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Drug patch testing in systemic cutaneous drug allergy.

Toxicology 2005 April 16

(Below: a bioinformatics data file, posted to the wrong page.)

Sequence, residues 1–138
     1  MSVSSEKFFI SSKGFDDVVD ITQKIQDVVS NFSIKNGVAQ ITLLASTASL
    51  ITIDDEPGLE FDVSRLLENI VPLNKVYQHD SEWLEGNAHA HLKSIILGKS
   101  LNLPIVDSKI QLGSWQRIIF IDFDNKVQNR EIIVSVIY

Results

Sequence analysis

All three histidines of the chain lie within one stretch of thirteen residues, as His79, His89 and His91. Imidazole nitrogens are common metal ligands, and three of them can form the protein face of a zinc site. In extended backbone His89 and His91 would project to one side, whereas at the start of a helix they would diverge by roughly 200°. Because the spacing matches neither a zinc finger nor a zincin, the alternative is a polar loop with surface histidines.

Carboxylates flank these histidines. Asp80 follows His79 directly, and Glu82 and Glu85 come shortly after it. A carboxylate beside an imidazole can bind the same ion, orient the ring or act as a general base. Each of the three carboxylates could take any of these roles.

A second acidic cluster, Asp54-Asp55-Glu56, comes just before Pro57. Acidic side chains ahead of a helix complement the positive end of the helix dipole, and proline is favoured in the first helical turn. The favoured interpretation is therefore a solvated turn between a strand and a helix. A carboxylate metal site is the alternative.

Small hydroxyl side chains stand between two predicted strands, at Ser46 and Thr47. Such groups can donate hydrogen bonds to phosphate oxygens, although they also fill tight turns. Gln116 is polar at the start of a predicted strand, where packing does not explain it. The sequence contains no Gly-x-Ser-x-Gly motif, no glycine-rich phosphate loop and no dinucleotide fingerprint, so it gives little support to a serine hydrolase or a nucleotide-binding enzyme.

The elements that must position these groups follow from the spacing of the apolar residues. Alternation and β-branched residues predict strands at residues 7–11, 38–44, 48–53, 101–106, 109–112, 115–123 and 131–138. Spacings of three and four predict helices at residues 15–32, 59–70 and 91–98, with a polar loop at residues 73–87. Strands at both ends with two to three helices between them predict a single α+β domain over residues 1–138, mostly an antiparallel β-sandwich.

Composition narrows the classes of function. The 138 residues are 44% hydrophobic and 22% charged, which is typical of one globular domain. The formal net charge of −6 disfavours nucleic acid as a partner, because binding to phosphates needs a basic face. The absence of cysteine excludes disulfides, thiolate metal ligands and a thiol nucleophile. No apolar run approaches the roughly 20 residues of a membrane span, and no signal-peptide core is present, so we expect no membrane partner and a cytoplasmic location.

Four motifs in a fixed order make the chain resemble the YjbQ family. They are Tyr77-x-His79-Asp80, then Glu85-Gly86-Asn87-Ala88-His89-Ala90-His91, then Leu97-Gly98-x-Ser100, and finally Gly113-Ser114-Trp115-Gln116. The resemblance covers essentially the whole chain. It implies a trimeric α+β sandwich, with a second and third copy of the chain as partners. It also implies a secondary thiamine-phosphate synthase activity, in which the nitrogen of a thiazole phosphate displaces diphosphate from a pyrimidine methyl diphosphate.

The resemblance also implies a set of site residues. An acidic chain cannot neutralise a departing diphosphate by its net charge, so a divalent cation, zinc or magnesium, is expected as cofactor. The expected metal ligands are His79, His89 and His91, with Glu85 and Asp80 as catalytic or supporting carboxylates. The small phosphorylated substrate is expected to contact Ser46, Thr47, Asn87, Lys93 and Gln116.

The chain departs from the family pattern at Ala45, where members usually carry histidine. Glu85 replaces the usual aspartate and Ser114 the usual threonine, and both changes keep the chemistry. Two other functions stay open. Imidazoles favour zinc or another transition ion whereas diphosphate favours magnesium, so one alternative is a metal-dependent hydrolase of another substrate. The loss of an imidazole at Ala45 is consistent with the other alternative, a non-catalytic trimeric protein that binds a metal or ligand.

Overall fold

Patch testing with the suspected compound has been reported to be helpful in determining the cause of a cutaneous adverse drug reaction (CADR) and in studying the pathophysiological mechanisms involved. The main advantages of drug patch tests are that they can be done with no hospital surveillance because they induce only rarely adverse reactions and that any commercialized form of a drug can be used. In contrast, intradermal tests can be performed only with injectable forms or with a pure and sterile form of the drug. It is advised to perform drug patch tests during the 6 months following the CADR as we do not know whether positive results will persist. Due to the possibility that a low concentration might yield false negative results, drug patch tests have to be performed with rather high concentrations of the commercialized form of the drug, mostly diluted at 30% in petrolatum and/or in water. For some drugs and severe CADR, it is necessary to tests with lower concentrations or in other vehicles. Drug patch tests are positive in ca. 32-50% of patients who have developed a CADR. The clinical relevance of drug patch tests depends on the clinical features of the CADR (valuable in testing generalized eczema, systemic contact dermatitis, maculopapular rash, acute generalized exanthematous pustulosis, fixed drug eruption) and on the involved drug. As false positive results can be observed, it is always necessary to consider the relevance of any positive drug patch test. Their specificity and their negative predictive value have not been yet determined.

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